By Kent Larsen
Temple Arguments Boil Down to Religious Necessity of Steeple
BOSTON, MASSACHUSETTS -- Lawyers for the LDS Church and for neighbors of the
Boston Temple argued before the Massachusetts Supreme Court Friday over the
Temple's steeple, with the Church claiming that a steeple is a religious
necessity while the neighbors argue that the Church is trying to use the
state's Dover Amendment to get around zoning laws. It is not known when the
court will issue a ruling in the case.
In its arguments, Church lawyer Paul Killeen claimed that a steeple is more
than just a design element of the Temple. "The aesthetics of the steeple ...
serve a religious purpose. They believe the design is by revelation." said
Killeen. "The design is intended to send a message to the world."
The neighbor's lawyer, Arthur Kreiger, claimed that the religious importance
of the steeple isn't crucial, "Don't give us this standard stuff from Salt
Lake City, and then say we're a religion and this is magic," Kreiger argued.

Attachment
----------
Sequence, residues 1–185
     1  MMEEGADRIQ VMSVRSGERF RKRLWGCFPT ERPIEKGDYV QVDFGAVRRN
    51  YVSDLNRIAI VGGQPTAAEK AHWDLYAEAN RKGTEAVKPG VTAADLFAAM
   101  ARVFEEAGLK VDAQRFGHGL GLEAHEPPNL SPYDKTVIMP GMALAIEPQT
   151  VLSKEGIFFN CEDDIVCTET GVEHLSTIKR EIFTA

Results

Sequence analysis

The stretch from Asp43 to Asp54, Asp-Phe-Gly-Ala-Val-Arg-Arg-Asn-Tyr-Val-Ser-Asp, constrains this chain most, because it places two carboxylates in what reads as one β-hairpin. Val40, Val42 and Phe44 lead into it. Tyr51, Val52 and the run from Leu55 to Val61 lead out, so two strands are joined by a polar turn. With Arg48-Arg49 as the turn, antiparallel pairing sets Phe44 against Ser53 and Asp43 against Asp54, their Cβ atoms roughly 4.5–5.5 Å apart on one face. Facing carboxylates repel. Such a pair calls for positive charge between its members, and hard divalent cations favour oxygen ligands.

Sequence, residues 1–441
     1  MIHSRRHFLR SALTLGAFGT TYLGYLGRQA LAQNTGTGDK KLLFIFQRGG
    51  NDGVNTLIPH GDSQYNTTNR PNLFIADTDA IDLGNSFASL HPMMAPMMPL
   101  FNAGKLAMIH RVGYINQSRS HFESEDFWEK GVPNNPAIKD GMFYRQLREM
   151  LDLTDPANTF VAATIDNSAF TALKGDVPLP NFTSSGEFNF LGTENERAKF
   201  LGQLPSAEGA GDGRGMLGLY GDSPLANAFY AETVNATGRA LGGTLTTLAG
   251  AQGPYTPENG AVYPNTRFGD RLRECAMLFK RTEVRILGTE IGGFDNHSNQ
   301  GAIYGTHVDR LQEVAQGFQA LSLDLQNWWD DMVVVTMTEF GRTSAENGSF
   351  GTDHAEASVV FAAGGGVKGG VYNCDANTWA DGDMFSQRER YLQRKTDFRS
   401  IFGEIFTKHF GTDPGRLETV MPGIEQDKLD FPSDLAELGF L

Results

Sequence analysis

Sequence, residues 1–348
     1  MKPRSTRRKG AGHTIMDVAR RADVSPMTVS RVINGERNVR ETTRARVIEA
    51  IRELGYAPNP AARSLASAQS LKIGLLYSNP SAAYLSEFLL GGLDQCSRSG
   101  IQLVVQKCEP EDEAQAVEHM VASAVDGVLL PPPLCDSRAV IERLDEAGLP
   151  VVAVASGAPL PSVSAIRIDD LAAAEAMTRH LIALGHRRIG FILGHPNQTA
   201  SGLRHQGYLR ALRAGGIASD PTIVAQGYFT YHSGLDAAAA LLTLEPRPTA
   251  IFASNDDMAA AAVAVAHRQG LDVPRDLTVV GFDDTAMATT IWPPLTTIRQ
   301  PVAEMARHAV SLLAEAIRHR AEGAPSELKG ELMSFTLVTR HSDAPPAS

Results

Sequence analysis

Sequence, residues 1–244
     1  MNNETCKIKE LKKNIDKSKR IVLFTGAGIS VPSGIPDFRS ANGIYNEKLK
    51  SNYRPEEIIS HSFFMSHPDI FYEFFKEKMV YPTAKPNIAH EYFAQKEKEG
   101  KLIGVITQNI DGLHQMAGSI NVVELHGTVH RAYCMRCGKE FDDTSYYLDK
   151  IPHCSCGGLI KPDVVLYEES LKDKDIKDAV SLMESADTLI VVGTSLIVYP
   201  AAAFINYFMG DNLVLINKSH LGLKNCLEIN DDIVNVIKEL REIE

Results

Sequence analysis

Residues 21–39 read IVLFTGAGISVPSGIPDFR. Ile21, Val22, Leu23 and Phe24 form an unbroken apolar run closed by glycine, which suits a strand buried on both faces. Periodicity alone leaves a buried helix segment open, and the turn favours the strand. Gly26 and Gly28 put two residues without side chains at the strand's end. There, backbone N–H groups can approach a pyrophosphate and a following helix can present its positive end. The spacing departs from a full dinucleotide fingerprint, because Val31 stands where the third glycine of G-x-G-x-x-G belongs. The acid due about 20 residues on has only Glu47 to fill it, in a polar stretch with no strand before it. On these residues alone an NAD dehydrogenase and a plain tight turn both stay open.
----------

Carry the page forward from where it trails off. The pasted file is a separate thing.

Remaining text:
But at least one Justice questioned his line of thought. "Wouldn't it be
unreasonable to say to a church that you can't put on top of it the one
architectural feature that will identify this to everyone as a church?"
asked Justice Martha Sosman.
Kreiger went on to argue that if the court decides that the Temple's steeple
is permissible while others have built their steeples within the law, it
would violate the constitutional separation between church and state. "If
that doesn't get this court into assessing doctrine and comparing religions,
I don't know what does. They [the LDS Church and the town of Belmont] don't
just open the door, they barreled through it."
Mormon temple debate heads to state's highest court
Boston Globe (AP) 12Jan01 N1
By Steve Leblanc: Associated Press
Mormon News' Coverage of the Boston Temple Challenges